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Iraqi authorities gain first foothold at Kurdish frontier with Turkey

The Iraqi army set up positions between the Turkish town of Habur and the Iraqi Kurdish town of Fishkhabour
Iraqi and Turkish soldiers wave flags at the Habur Border Gate between Turkey and Iraq in this still image taken from video (Reuters)
By Reuters

Iraqi troops deployed on Tuesday at one of the main land crossings with Turkey, gaining a foothold at the Kurdish-held frontier for the first time in decades and imposing one of Baghdad's central demands on the Kurds.

Iraq's entire land border with Turkey is located inside the Kurdish autonomous region, and has been controlled by the Kurds since before the fall of Saddam Hussein in 2003.

But since the Kurds staged a referendum on independence last month that Baghdad considers illegal, the central government has demanded a presence at all border crossing points.

The Iraqis set up positions between the Turkish and the Iraqi Kurdish checkpoints at the border crossing between the Turkish town of Habur and the Iraqi Kurdish town of Fishkhabour, a security source in Baghdad said.

Vehicles crossing the border would now be subject to three checks - by Turks, Iraqi forces and the Kurds.

"Habur border gate has been handed over to the central government as of this morning," Turkish Prime Minister Binali Yildirim told members of his ruling AK Party in parliament in Ankara.

Officials from the Kurdistan Regional Government (KRG) said they had not relinquished control of the crossing. Discussions were ongoing to allow Iraqi "oversight" at the border, Hoshyar Zebari, a former Iraqi foreign minister now working as an advisor to the KRG, told Reuters.

An Iraqi official showed Reuters pictures of the Iraqi flag being raised at the border gate, where Iraqi and Turkish soldiers were deployed and Turkish flags also hoisted.

The issue of control of the border crossing is of crucial importance for the landlocked Kurdish region. The Fishkhabour crossing is the site of the main oil export pipeline for northern Iraq, and crude exports through it are the principal source of funds for the Kurds.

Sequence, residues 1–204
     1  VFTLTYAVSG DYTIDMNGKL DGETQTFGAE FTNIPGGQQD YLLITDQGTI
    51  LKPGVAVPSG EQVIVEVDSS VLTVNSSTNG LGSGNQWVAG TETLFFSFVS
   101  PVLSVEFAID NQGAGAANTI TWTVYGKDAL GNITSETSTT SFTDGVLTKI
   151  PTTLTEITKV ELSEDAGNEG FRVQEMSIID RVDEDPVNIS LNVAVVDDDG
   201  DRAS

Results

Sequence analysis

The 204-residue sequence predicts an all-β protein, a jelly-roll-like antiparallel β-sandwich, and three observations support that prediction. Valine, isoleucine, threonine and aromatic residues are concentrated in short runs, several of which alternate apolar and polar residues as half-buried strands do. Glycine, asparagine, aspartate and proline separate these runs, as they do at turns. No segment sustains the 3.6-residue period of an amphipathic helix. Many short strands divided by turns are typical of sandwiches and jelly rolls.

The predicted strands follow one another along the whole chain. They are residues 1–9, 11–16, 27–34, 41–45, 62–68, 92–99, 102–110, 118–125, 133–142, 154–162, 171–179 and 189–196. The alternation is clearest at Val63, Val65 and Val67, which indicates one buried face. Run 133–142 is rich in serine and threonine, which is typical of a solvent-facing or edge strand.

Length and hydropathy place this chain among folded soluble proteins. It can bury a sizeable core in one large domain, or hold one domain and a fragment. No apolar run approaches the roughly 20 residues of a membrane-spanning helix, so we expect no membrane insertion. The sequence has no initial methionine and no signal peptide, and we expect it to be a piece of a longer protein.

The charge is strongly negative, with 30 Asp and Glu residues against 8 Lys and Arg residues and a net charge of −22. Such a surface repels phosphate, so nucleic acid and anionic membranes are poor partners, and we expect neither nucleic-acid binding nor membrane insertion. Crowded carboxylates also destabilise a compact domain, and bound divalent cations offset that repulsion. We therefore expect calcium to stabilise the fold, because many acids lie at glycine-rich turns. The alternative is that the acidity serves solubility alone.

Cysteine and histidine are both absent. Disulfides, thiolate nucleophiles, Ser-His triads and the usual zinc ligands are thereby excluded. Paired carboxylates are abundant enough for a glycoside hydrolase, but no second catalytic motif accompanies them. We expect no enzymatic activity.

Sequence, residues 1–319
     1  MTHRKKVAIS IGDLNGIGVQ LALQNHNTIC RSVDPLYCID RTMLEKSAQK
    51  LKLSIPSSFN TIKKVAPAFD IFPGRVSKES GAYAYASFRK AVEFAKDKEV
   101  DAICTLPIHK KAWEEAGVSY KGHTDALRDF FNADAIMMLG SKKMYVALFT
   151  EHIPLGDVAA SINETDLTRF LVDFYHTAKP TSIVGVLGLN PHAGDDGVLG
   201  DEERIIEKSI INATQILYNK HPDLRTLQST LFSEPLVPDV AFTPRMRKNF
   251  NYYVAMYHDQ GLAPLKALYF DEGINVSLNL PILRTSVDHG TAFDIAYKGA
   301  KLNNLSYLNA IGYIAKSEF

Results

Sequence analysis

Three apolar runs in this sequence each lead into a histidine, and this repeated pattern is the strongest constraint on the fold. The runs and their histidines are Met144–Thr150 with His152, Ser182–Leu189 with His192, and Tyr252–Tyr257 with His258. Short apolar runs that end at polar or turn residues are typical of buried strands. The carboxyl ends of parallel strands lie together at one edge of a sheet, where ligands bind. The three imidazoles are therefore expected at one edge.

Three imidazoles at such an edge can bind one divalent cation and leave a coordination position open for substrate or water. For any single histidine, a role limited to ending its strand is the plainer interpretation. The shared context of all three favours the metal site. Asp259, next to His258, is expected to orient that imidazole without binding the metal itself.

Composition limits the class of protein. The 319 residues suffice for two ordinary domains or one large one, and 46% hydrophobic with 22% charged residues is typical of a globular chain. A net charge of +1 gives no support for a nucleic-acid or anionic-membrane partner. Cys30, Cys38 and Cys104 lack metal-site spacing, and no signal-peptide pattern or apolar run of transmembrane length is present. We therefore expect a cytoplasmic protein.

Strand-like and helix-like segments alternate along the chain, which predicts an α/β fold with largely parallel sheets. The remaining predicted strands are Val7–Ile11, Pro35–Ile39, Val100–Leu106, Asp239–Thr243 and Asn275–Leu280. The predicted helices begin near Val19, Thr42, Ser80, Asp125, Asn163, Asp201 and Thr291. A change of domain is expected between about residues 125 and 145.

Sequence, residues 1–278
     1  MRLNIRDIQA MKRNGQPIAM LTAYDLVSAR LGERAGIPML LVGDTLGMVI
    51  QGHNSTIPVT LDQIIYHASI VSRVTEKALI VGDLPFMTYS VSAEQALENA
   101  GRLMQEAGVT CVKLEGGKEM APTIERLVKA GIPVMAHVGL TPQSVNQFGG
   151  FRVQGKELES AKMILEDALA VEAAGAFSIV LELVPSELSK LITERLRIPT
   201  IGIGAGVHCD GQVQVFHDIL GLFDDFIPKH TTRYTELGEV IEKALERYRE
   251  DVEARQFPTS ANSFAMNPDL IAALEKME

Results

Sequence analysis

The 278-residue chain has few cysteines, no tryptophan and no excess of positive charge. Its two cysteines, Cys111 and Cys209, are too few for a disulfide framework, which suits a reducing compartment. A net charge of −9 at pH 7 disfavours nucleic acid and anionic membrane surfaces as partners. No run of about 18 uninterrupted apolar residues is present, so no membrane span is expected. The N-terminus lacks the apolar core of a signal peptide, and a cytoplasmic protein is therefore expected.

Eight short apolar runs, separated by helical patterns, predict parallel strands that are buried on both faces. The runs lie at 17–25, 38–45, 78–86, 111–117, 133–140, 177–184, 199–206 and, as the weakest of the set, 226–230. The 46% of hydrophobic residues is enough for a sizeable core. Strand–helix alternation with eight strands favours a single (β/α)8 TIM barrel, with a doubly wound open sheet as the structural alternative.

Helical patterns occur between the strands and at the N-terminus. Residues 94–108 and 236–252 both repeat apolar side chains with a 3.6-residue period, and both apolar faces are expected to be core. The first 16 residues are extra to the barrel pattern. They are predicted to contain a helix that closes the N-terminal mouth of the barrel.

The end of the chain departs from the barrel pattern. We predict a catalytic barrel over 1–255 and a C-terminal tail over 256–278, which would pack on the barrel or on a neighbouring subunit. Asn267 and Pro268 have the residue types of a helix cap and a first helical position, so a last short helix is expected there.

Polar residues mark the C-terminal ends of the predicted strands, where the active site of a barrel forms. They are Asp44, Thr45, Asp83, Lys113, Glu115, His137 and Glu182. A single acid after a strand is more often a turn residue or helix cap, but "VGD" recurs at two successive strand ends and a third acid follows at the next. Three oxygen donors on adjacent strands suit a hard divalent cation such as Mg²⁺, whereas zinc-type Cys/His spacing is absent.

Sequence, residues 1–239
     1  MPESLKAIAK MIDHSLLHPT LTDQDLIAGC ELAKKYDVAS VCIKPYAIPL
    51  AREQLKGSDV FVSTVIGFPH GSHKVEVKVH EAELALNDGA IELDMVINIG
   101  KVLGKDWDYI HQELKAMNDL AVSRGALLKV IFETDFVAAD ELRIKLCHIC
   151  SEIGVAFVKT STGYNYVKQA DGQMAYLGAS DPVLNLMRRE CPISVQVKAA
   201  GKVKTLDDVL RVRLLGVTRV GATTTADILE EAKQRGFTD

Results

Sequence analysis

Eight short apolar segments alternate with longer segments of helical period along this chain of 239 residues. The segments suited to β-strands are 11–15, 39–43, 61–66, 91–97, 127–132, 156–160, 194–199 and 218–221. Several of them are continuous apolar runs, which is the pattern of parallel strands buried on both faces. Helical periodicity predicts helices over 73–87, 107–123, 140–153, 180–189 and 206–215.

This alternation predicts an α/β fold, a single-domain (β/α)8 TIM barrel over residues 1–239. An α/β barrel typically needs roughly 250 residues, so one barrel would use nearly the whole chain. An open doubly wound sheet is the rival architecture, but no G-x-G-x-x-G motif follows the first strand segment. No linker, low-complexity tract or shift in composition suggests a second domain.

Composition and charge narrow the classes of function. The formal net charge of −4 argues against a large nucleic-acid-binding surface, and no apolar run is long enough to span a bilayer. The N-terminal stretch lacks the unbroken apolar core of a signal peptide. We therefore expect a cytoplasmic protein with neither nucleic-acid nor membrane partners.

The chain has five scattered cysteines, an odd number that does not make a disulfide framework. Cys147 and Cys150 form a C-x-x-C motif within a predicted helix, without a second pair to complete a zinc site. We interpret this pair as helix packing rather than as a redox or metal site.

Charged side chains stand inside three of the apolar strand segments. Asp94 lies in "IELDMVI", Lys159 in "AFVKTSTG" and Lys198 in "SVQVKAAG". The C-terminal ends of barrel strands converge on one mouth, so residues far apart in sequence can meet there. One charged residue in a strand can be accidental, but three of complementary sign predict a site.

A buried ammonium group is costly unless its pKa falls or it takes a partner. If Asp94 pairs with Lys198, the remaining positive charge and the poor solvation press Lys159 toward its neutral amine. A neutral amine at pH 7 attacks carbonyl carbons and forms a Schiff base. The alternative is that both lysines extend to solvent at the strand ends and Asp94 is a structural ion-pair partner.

Balance shift

The balance of power between Iraqi central government forces and the autonomous Kurdish region has been transformed since the Kurds staged their referendum on 25 September.

Iraqi Prime Minister Haidar al-Abadi ordered his forces to recapture all territory held by the Kurds outside the borders of their autonomous region, and most of it was seized this month within a matter of days.

Baghdad is also demanding control of all border crossings with Turkey and Iran. Abadi has won backing from both Tehran and Ankara for his moves against the Kurds.

Iraq's military said a delegation headed by army Chief of Staff Lieutenant General Othman al-Ghanmi was visiting the Fishkhabour area to take control of Kurdish-held international border checkpoints with both Turkey and Syria.

Zebari, the Kurdish government advisor, said the Kurds were prepared to accept "Iraqis at the airports and border posts to have oversight, to make sure everyone is in compliance", but any such presence must be achieved through negotiations, not force.

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The split between the Kurds and the Iraqi central government is a particular challenge for Washington which is closely allied to both sides. The United States had urged the Kurds not to hold the referendum, worried that it would precipitate a backlash.

The referendum and ensuing dispute with Baghdad has also exposed deep rifts within the Kurdish leadership. Kurdish leader Massoud Barzani announced on Sunday that he would step down, and accused security forces loyal to a rival political party of "high treason" for yielding territory to the central government without a fight.

The KRG and the central government held talks Friday through Sunday to resolve their conflict.

Yildirim said Turkey had agreed to open another border gate with Iraq as part of a route that would lead to the city of Tal Afar, some 40 km west of Mosul and home to a predominantly ethnic Turkmen population.

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